How ETF Currency Hedging Works

Without hedging, an investor’s return is simply the foreign portfolio return plus the foreign currency return. A currency hedge takes the foreign currency return out of the equation

Caroline Gutman 18 September, 2014 | 12:47PM

Picking the right ETF in today’s landscape is hard enough. Between selecting an index, a fund provider and a replication method, there are many choices to make. But an additional decision investors may want to consider when buying an ETF exposed to foreign assets is whether to protect their investment against currency fluctuations. The easiest way to do this with ETFs is by buying an ETF with a built-in currency hedge.

Without hedging, an investor’s return is simply the foreign portfolio return plus the foreign currency return. A currency hedge aims to take the foreign currency return out of the equation.

Currency hedging as a tool is nothing new. Investors have long protected against currency fluctuations by buying derivatives or short positions to protect their portfolios. But built-in currency hedges can simplify the process, and European ETF providers have recognised the appeal. Forty five currency-hedged equity ETFs have launched in Europe in the last 12 months, bringing the total number available to more than 70.

And currency-hedged ETFs are gaining a lot of traction. Fund flows of European currency-hedged equity ETFs over the last year reached £4.4 billion, most noticeably into currency-hedged Japan ETFs on the back of Abenomics – Prime Minister Shinzo Abe’s economic measures and weak yen policy contributed to almost half of the inflows. In the last twelve months, the iShares MSCI Japan EUR Hedged ETF (IJPE) alone saw inflows of £510 million – the most of any currency-hedged equity ETF – while the iShares MSCI Japan – B Acc ETF (CSJP) saw outflows of £80 million.

Investors who lived through the late 1990s and early 2000s know how dire the effects of currency devaluation can be on a portfolio. In 1997, the value of the Thai baht dropped by 20%, and the Philippine peso, Singapore dollar and South Korean won quickly followed, crippling the portfolios of investors with exposure to Asian equity, and emerging markets equity more broadly. Then in 2013, Abenomics sent the yen down by about 18% and 19% against the U.S. dollar and pound sterling, respectively. As a result, while the MSCI Japan in yen gained 55% that year, the iShares MSCI Japan ETF in pound sterling advanced by only 24%. On the other hand, the iShares MSCI Japan GBP Hedged ETF returned 52%.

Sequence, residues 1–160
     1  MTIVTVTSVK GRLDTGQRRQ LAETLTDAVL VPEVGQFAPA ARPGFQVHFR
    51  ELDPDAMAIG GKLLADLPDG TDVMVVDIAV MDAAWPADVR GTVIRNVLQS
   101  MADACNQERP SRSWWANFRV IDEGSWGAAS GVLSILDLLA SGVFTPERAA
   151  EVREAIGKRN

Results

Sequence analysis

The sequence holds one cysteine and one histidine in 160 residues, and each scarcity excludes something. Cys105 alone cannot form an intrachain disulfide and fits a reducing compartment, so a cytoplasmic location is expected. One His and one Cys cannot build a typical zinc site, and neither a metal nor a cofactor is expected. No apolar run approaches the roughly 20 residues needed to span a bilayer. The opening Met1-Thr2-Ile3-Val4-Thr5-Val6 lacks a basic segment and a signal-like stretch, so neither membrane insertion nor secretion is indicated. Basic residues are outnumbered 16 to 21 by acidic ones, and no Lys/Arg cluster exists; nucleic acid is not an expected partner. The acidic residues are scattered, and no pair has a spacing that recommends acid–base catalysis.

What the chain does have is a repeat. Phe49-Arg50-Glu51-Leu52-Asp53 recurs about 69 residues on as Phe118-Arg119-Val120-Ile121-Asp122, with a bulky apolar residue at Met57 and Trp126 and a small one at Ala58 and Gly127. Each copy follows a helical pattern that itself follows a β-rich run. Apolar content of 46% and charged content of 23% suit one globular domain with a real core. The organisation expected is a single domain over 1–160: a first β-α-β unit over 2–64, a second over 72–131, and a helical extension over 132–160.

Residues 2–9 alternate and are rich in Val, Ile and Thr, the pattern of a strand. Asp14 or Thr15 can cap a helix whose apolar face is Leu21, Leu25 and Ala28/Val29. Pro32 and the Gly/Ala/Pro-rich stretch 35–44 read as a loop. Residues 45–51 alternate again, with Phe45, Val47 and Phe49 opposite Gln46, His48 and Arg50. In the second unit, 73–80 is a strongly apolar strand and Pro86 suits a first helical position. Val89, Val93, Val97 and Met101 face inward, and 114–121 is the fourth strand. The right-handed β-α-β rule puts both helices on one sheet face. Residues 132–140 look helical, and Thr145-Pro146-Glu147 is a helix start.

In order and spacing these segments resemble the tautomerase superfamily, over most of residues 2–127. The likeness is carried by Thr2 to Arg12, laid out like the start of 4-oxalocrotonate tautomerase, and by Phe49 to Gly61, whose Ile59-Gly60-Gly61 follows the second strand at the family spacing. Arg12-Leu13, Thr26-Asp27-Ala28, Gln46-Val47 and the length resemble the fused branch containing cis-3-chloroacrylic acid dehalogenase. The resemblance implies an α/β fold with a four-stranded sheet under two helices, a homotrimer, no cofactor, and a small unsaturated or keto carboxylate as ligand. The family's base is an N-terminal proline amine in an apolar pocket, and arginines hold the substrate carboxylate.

A currency-hedge, however, does come at a cost. For example, the iShares MSCI Japan currency-hedged ETFs charge a TER of 0.64% whereas the iShares MSCI Japan B-Acc charges a TER of 0.48%.

There is also the cost of rolling forward contracts, which is typically done on a monthly basis (some providers offer daily rolling, although at an even higher cost to investors). Investors should also be aware of indirect costs related to potential inaccuracies of the currency hedge due to market volatility and intra-monthly (or intra-daily) changes of the underlying benchmark.

And then, of course, there is the opportunity cost: potentially losing out on added return if the foreign currency appreciates against the investor’s local currency. For instance, a sterling investor and a euro investor who had hedged against the US dollar last year would have missed out on 2% and 4.3% of additional return, respectively.

All in all, it is important to bear in mind that predicting currency movements remain a difficult–if not impossible-exercise, especially over long periods of time. Several studies have even found that conditional expected excess returns on currencies in the long-term are near zero and that long-term equity investors do not see improved returns from currency hedging. For this reason, we believe that using currency-hedged ETFs probably work best over shorter time periods and on a tactical basis.

The information contained within is for educational and informational purposes ONLY. It is not intended nor should it be considered an invitation or inducement to buy or sell a security or securities noted within nor should it be viewed as a communication intended to persuade or incite you to buy or sell security or securities noted within. Any commentary provided is the opinion of the author and should not be considered a personalised recommendation. The information contained within should not be a person's sole basis for making an investment decision. Please contact your financial professional before making an investment decision.

Securities Mentioned in Article

Security NamePriceChange (%)Morningstar
Rating
iShares MSCI Japan - B Acc GBP11,169.65 GBP0.37
iShares MSCI Japan EUR Hedged45.47 EUR0.06

About Author

Caroline Gutman  is a passive fund analyst for Morningstar

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